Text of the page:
Video: Determined Norfolk adventurer who reached new heights after overcoming epilepsy prepares to take on Mount Everest

Selina Dicker  is attempting to summit Everest. After overcoming epilepsy she got hooked on mountain climbing and has succesfully tackled three of the world's seven highest peaks. Selina Dicker is attempting to summit Everest. After overcoming epilepsy she got hooked on mountain climbing and has succesfully tackled three of the world's seven highest peaks.

Saturday, March 29, 2014
10:56 AM

As a teenager Selina Dicker was told she would never be able to take part in dangerous sports, drive a car or continue her passion for sailing.

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Selina Dicker on the summit of Mont Blanc. Picture: submittedSelina Dicker on the summit of Mont Blanc. Picture: submitted

But eight years on the determined adventurer has summitted three of the world’s highest peaks and is now gearing up for her toughest challenge yet - as she embarks on an expedition to climb Mount Everest.

The 36-year-old from Ranworth has overcome epilepsy to take on her mountaineering adventures and is now part of a team of nine Brits that will be taking on the world’s highest peak.

Alongside the summit attempt Miss Dicker has also set herself another challenge, as she hopes to raise a £45,000 through her epic expedition for a charity close to her heart.

Both she and her younger brother Mark, 34, were born with a cleft lip and she is now raising money for Operation Smile, which carries out free surgeries for youngsters born with clefts in more than 60 countries worldwide. Her target would fund 300 operations and she has already raised £5,000.

Selina Dicker on the summit of Aconcagua. Picture: submittedSelina Dicker on the summit of Aconcagua. Picture: submitted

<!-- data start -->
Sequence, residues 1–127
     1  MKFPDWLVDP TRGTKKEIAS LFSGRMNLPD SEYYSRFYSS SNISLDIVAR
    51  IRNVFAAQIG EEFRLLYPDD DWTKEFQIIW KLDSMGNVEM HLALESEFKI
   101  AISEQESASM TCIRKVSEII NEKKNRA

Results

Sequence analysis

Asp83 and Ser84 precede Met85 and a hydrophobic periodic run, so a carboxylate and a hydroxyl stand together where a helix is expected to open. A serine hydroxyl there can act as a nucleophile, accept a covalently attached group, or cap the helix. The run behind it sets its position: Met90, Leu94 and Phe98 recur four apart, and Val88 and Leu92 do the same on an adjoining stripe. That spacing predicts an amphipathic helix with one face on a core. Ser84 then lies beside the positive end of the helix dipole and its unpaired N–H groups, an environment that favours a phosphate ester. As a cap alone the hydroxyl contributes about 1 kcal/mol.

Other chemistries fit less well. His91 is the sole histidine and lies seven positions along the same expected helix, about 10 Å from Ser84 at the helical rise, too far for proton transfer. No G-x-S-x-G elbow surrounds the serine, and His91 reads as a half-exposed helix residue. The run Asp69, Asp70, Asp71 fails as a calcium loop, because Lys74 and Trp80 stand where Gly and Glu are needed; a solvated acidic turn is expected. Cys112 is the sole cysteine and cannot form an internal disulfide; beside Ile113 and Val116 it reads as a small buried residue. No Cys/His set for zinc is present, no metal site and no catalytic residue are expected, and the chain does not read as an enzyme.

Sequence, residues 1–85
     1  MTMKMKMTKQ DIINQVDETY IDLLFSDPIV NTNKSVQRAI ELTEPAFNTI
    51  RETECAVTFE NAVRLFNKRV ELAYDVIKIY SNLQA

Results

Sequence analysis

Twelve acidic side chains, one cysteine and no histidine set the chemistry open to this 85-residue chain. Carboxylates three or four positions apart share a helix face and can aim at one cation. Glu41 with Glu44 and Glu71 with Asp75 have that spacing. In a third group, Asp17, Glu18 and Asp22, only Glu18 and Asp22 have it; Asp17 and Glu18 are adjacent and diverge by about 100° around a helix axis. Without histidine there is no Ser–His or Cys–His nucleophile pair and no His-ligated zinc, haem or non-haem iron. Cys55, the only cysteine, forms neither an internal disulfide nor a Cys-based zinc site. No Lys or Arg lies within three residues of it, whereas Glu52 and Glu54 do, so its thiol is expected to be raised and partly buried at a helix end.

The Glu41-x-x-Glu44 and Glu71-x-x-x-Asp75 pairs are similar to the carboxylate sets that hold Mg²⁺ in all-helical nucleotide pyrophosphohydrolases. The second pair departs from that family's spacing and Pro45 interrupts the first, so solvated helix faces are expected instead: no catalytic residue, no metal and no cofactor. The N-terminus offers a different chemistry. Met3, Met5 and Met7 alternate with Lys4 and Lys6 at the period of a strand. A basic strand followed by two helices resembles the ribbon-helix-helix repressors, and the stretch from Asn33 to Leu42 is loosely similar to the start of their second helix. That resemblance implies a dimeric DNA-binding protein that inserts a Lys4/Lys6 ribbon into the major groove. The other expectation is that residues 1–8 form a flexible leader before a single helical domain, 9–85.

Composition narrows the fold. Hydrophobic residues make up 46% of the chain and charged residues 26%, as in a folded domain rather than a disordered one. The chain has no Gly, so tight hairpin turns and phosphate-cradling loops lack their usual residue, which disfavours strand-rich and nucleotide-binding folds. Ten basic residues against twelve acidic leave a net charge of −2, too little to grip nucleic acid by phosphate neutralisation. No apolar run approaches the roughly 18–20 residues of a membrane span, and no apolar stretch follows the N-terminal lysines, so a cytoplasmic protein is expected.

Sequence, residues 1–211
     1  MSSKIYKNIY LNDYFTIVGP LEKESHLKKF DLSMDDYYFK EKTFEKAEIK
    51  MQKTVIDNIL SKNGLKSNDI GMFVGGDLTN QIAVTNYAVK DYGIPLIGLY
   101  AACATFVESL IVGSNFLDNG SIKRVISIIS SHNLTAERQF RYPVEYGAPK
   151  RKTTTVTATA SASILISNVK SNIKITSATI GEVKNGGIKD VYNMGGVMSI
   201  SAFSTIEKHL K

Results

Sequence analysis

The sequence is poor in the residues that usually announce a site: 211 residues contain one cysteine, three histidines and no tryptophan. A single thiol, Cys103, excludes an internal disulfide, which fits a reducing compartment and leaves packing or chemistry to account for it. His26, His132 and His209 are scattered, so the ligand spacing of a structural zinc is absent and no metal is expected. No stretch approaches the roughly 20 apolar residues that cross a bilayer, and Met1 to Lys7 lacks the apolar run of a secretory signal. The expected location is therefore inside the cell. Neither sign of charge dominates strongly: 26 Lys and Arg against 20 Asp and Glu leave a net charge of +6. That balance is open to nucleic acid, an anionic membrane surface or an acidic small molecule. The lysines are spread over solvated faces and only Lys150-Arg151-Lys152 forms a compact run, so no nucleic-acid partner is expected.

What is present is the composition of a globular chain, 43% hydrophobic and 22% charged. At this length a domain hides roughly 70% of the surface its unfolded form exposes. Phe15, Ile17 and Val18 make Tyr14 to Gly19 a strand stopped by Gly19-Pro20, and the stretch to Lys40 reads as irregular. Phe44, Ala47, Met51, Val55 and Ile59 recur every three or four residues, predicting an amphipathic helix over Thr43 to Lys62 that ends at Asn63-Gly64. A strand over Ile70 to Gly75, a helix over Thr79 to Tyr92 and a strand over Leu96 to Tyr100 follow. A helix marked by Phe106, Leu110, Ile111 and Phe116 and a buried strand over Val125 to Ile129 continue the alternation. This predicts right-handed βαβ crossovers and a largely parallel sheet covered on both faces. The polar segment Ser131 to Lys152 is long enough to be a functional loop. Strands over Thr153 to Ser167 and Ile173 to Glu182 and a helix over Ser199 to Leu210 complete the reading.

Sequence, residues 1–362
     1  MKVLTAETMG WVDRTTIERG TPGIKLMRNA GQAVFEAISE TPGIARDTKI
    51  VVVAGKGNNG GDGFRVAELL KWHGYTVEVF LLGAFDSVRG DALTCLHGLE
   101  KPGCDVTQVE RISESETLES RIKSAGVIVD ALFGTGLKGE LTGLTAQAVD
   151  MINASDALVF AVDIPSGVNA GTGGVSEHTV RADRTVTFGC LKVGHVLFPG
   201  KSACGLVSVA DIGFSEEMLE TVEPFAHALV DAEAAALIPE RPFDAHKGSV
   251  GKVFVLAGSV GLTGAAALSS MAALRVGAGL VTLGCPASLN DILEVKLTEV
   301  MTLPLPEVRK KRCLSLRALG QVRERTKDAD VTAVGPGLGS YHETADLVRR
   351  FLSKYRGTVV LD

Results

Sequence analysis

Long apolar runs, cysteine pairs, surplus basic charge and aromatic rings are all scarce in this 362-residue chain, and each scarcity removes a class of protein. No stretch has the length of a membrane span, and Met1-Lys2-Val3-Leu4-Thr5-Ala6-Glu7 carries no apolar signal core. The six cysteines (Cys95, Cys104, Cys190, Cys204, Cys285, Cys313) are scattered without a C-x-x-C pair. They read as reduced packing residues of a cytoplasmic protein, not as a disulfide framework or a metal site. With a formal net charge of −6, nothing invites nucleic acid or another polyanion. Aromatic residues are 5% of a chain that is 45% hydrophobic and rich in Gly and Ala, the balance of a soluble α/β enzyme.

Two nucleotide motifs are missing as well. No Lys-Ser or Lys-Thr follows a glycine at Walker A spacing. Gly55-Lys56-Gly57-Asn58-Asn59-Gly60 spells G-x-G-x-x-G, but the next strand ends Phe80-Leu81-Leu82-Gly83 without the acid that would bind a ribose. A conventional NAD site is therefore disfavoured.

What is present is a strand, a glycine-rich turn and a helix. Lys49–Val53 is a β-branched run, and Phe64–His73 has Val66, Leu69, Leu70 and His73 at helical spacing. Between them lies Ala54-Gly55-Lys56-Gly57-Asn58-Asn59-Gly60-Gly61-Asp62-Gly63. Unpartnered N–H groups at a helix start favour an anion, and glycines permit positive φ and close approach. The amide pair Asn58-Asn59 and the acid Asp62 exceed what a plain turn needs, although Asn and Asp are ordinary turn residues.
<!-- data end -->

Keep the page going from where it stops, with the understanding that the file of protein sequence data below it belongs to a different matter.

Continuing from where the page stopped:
Miss Dicker said: “Mark and I have been really lucky because we were operated on when we were really small. Whereas kids in developing countries don’t have that automatic ability to have surgery and some don’t even know it’s available.

“It’s around £150 to complete an operation for a child that completely changes their lives.”

Having been born and brought up in Norfolk’s flat landscape, Miss Dicker first got a taste for trekking and climbing in 2005 while volunteering in Costa Rica, having taken a sabbatical from her job in finance in London.

From Costa Rica she travelled into South America to find another challenge and in Argentina, discovered Aconcagua, which at 6,961m is one of the seven summits - the highest peaks on each continent.

During that trip she did not have enough time to tackle the summit so returned in 2010 - after completing an MBA at Copenhagen Business School - to take it on.

Having grown up on Norfolk she admitted she “knew nothing about climbing” and despite not making it to the top, she was immediately bitten by the mountaineering bug.

“I was so badly prepared but it was amazing,” Miss Dicker added. “I made it to 6,000 metres and came back down thinking, I love this place I’m going to come back and will get to the top.”

After this she went on to summit Mont Blanc in 2010, Kilimanjaro in 2011 and Elbrus in Russia in 2013. She also attempted Denali in Alaska - only being stopped from reaching the 6,194m peak by bad weather - and in 2013 she returned to Argentina and successfully summitted Aconcagua.

Her interest in Everest was peaked around 18 months ago and after a group of her friends tackled it last year, she set it as her next challenge.

Miss Dicker said: “If you re-wound the clock five years and said to me ‘would you climb Everest?’, I’d be like no way, I can’t. But because I have done the other climbs along the way I feel it’s a realistic thing to attempt.

“Each time you come back down [a mountain] you’re thinking, what’s the next challenge? You push yourself a bit further each time, and your view of what’s achievable gets bigger and bigger.”

Miss Dicker flies out to Nepal tomorrow (Saturday 29th) to begin her nine week expedition - celebrating her 37th birthday next week among the mountains - and hopes to summit Everest at the end of May.

She said her epilepsy was another thing to think about while on the mountain, but it would not hold her back.

“I remember when I had my first epileptic fit when I was 18. I was told you can’t go sailing, can’t drive, can’t drink, can’t do any dangerous sports. Since then I have come a long way,” she said.

“Life’s too short to sit at home and be wrapped up in cotton wool.”

■ To follow Miss Dicker’s blog, and donate to her expedition, visit www.summit4smiles.wordpress.com

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